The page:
“He’s done a lot of good things,” Beavers offensive coordinator Brian Lindgren told NBCSNW. “I think last year he was probably like 80 percent… I don’t think we really saw what he’s capable of doing in the pass game.”

After tearing his ACL in the Beavers’ second game of 2016. Additionally, he missed the first three games of the 2018 season. Thankfully, Togiai was granted an extra season of eligibility in 2017 because of his ACL tear. He’s lucky. Because of this medical hardship season, Togiai didn’t have to finish his collegiate career on a 10 reception, 77 yard season. However, he needs to prove he is able to withstand the brutality of an NFL-level game. Can he do that? It’s unclear, especially considering he’s battling an ankle injury he sustained in spring camp. But, if he can stay healthy, Togiai could become Oregon State’s third receiver and one of the best offensive Pac-12 players at the tight end position.

Juwan Johnson – Oregon – Redshirt Senior – Wide Receiver

Unfortunately for Oregon, their wide receiving corps hit the injury bug. Brenden Schooler, Mycah Pittman and Juwan Johnson are each dealing with their own. While Schooler and Pittman are likely out for the first few weeks, there is hope that Johnson can suit up for Auburn.

If Johnson is able to suit up, he could quickly become a favorite target for Justin Herbert. Because if the Penn State transfer is one thing, he is a large target. At 6-foot-4, 230lbs, Johnson certainly garners attention. He’s big, powerful and has a frame unlike the other receivers on the team. Johnson also brings experience to the Ducks squad. He played the most games of any Ducks receiver. As a veteran, he is going to be both a role-model for younger receivers and a reliable option for Herbert.

“I’m here to be a leader,” he said. “That’s my job here, come in and bring a leader and bring that energy to the team. I want to bring the guys up so we can win a Pac-12 championship, national championship and those sort of things.”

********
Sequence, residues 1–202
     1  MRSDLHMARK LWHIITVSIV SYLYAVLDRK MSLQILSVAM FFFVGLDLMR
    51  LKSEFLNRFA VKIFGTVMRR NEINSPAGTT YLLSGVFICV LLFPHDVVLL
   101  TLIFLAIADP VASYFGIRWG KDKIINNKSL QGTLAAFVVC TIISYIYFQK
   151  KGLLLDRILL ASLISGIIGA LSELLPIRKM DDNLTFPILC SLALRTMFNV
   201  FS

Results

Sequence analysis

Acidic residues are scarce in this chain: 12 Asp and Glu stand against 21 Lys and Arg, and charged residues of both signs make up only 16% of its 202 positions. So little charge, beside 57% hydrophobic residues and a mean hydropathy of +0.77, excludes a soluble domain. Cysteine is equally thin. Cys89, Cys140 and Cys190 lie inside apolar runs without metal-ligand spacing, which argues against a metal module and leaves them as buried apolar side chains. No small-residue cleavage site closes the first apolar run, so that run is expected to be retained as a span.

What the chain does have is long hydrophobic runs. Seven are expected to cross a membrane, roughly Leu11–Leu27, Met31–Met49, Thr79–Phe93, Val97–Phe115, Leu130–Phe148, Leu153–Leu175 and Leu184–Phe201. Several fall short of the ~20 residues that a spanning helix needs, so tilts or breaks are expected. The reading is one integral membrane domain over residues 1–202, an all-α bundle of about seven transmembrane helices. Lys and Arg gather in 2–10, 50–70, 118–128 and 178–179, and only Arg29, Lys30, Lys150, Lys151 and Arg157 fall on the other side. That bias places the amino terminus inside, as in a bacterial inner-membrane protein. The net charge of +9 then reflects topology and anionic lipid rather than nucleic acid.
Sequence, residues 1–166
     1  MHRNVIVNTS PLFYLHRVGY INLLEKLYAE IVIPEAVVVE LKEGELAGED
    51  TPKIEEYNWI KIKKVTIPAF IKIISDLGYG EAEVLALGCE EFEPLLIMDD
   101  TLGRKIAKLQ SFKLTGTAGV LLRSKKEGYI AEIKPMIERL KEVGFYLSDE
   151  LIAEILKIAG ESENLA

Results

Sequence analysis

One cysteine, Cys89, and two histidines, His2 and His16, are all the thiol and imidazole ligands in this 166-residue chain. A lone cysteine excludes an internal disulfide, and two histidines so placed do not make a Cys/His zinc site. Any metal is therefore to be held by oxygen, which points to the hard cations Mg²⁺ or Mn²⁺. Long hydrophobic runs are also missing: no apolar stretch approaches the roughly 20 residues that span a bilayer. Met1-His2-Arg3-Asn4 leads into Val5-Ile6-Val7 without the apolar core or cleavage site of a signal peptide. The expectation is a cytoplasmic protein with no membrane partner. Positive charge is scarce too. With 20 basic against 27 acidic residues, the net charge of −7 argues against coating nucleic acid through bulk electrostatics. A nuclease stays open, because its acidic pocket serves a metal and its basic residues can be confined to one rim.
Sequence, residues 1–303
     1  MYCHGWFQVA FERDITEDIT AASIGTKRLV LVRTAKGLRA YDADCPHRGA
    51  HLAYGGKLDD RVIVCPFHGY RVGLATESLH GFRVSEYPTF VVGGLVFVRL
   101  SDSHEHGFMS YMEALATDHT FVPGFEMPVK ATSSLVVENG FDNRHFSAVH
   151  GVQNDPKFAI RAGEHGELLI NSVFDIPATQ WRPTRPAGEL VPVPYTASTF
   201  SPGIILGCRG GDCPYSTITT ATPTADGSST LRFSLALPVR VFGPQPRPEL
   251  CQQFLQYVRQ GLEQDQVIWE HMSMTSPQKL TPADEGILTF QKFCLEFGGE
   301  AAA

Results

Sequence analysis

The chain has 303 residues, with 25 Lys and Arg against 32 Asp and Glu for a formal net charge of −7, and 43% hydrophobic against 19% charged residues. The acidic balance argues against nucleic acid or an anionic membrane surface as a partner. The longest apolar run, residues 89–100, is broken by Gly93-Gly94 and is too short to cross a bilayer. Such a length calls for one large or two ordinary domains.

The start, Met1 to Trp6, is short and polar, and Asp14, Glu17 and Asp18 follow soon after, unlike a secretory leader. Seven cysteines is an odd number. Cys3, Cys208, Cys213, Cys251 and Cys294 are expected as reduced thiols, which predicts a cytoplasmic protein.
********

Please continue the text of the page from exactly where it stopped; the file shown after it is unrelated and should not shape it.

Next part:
If he can regain his health, Juwan Johnson can step into the void and separate himself from the rest of Oregon’s playmakers. The path for him to breakout in the list of top, offensive Pac-12 players is there. He’s on a great offense, on a top team, with needs at the position. Get healthy and get out there Johnson.

Cameron Scarlett – Stanford Redshirt Senior – Running Back

No Bryce Love. Washington drafted him in the fourth-round of the 2019 draft. No JJ Arcega-Whiteside. The Philadelphia Eagles picked him up in the second round. No Trenton Irwin. The Miami Dolphins scooped him up as an undrafted free-agent. So, Stanford lost their feature back and two top receivers. Someone needs to step up.

Out of the shadows steps Cameron Scarlett. The fifth-year back has yet to break out. Which makes complete sense. He’s played behind not only Bryce Love, but Christian McCaffrey as well. It’s not easy to usurp Heisman hopeful running backs. But this year, he doesn’t have to. The backfield is his for the taking.

Fortunately for Scarlett, he’s not completely green. In both 2017 and 2018, he displayed versatility in rushing and receiving. Scarlett’s 719 rushing yards and 283 receiving yards in 2017 and 2018 display this. He also notched 8 rushing touchdowns in each, along with 1 receiving touchdown in 2018. Finding the paydirt is obviously a good thing. Moreover, Scarlett displayed exceptional special-teams play. In 2017, his 1,008 kick return yards ranked second nationally and first in the Pac-12.  

His feature-back size (6-foot-1, 216lbs), combined with his dual-threat ability and versatility in the return-game, should provide ample opportunity for him in 2019. But, he’s a redshirt-senior without a feature-back year on his resume. Scarlett has to make that happen. In 2019, he needs to capitalize on volume and display his ability to be a bell-cow back.